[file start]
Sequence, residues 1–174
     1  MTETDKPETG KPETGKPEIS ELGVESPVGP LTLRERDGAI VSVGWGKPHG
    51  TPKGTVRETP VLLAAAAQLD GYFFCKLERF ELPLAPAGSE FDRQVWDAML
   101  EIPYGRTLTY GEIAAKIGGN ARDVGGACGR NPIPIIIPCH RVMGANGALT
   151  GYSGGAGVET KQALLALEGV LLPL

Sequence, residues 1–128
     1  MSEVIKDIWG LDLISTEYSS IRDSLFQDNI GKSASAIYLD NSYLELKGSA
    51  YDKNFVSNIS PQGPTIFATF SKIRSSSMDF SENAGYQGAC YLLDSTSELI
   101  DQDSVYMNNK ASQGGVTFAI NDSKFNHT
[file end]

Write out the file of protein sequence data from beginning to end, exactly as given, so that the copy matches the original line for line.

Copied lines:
Sequence, residues 1–174
     1  MTETDKPETG KPETGKPEIS ELGVESPVGP LTLRERDGAI VSVGWGKPHG
    51  TPKGTVRETP VLLAAAAQLD GYFFCKLERF ELPLAPAGSE FDRQVWDAML
   101  EIPYGRTLTY GEIAAKIGGN ARDVGGACGR NPIPIIIPCH RVMGANGALT
   151  GYSGGAGVET KQALLALEGV LLPL

Sequence, residues 1–128
     1  MSEVIKDIWG LDLISTEYSS IRDSLFQDNI GKSASAIYLD NSYLELKGSA
    51  YDKNFVSNIS PQGPTIFATF SKIRSSSMDF SENAGYQGAC YLLDSTSELI
   101  DQDSVYMNNK ASQGGVTFAI NDSKFNHT